Labor Day was created by the labor movement and is dedicated to the social and economic achievements of American workers. This guide provides access to materials related to “Labor Day” in the Chronicling America digital collection of historic newspapers.
Chronicling America is a searchable digital collection of historic newspaper pages from 1777-1963 sponsored jointly by the National Endowment for the Humanities and the Library of Congress.
Included in the website is the Directory of US Newspapers in American Libraries, a searchable index to newspapers published in the United States since 1690, which helps researchers identify what titles exist for a specific place and time, and how to access them.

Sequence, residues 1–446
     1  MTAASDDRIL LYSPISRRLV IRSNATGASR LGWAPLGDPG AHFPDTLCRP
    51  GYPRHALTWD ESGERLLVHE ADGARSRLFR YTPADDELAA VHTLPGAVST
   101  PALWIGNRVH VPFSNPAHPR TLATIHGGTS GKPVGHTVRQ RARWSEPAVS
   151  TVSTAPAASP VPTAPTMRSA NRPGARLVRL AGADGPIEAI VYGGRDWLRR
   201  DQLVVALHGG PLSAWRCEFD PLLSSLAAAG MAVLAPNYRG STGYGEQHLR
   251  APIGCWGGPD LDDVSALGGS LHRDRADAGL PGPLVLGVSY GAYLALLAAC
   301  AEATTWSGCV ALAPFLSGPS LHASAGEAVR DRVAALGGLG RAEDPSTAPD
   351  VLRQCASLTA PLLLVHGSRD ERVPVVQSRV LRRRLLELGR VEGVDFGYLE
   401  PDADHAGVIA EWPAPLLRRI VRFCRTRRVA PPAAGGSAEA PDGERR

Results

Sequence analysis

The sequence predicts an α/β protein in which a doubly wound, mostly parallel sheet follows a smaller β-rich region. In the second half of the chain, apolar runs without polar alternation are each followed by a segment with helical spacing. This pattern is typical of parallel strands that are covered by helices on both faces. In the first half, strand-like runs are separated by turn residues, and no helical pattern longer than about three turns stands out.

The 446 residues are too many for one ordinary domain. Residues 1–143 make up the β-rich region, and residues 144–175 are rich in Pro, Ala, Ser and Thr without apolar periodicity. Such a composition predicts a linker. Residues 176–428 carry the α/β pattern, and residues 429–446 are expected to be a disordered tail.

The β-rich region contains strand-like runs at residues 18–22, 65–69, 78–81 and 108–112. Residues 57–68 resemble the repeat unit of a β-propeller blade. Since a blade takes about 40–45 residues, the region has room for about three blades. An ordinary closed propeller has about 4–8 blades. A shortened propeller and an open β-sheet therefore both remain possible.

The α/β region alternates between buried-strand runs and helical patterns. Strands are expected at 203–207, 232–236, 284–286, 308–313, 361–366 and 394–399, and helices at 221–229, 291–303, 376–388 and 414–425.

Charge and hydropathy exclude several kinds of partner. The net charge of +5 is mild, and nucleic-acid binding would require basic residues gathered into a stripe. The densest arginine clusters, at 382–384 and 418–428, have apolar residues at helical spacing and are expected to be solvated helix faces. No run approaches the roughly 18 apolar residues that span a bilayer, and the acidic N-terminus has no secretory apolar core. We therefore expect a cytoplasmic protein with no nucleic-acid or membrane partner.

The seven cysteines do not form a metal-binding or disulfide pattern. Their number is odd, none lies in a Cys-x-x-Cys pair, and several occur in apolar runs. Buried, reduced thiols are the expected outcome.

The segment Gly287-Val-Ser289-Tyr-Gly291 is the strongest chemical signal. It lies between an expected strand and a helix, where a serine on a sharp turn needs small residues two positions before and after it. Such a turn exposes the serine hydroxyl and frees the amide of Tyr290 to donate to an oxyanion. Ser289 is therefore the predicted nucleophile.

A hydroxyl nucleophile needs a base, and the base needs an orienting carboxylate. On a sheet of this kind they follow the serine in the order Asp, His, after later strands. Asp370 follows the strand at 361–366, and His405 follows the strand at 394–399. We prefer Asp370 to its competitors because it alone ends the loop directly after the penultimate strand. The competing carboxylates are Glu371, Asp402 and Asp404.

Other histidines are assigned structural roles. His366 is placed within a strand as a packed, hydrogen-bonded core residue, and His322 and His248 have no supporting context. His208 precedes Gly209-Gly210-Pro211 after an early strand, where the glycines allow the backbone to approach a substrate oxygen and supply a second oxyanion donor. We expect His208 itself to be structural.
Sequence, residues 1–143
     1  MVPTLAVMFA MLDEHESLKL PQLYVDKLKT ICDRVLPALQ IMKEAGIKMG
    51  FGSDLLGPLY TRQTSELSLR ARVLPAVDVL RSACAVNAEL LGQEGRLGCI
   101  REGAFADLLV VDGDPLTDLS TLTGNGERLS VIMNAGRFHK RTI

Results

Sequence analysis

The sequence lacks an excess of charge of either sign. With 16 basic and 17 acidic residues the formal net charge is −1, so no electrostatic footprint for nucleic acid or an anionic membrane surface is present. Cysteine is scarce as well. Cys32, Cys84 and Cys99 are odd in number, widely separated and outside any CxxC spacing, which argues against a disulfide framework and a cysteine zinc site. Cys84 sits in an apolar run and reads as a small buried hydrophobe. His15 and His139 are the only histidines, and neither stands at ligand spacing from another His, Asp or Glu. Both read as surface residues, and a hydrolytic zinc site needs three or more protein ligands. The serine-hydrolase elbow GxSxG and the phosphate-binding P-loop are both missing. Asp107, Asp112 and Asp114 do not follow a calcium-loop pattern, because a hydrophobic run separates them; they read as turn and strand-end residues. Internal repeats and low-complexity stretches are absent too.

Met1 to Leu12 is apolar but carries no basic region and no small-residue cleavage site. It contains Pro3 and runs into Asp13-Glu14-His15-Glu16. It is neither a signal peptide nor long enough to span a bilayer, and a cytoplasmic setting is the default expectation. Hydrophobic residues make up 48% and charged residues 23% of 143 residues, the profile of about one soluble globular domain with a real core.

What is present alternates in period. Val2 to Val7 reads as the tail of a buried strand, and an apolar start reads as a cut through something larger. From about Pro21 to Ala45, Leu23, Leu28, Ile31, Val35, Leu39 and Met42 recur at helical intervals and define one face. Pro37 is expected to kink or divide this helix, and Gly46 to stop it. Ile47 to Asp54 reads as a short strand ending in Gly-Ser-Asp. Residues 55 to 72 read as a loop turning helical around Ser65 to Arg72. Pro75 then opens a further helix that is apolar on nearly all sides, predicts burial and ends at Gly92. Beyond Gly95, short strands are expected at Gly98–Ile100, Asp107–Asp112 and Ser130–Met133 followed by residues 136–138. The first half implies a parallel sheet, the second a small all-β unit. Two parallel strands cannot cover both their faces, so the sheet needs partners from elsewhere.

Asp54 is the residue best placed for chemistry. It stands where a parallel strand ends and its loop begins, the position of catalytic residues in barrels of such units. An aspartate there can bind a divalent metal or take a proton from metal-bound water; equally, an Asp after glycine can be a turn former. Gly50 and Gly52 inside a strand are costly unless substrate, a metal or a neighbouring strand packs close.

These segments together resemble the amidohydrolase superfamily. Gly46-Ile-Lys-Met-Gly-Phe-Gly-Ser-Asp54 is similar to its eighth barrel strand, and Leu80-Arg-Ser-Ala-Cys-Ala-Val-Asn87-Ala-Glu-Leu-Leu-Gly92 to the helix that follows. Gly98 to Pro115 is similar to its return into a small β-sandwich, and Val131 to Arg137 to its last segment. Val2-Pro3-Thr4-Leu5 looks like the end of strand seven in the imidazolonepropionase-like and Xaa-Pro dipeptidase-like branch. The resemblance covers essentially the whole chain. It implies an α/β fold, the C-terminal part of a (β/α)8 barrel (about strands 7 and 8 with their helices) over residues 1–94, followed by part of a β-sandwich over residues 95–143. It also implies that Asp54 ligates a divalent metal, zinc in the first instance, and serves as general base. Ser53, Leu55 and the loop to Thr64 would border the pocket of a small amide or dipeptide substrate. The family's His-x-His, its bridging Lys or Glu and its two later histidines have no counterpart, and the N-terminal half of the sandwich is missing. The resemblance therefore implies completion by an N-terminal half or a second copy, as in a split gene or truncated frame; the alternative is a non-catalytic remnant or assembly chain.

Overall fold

"Labor's Monster Parade! The First Workingmen's Holiday to be Fitly Observed!" In 1894, following several years of individual city parades and celebrations, Congress declared the first Monday of September to be Labor Day, an unprecedented holiday dedicated to the working man. Read more about it!
The information in this guide focuses on primary source materials found in the digitized historic newspapers from the digital collection Chronicling America.
The timeline below highlights important dates related to this topic and a section of this guide provides some suggested search strategies for further research in the collection.
September 5, 1882
The first Labor Day holiday, planned by of the Central Labor Union, is celebrated on a Tuesday in New York City.
June 28, 1894
Congress enacts a law to make Labor Day a national holiday, to be observed the first Monday in September.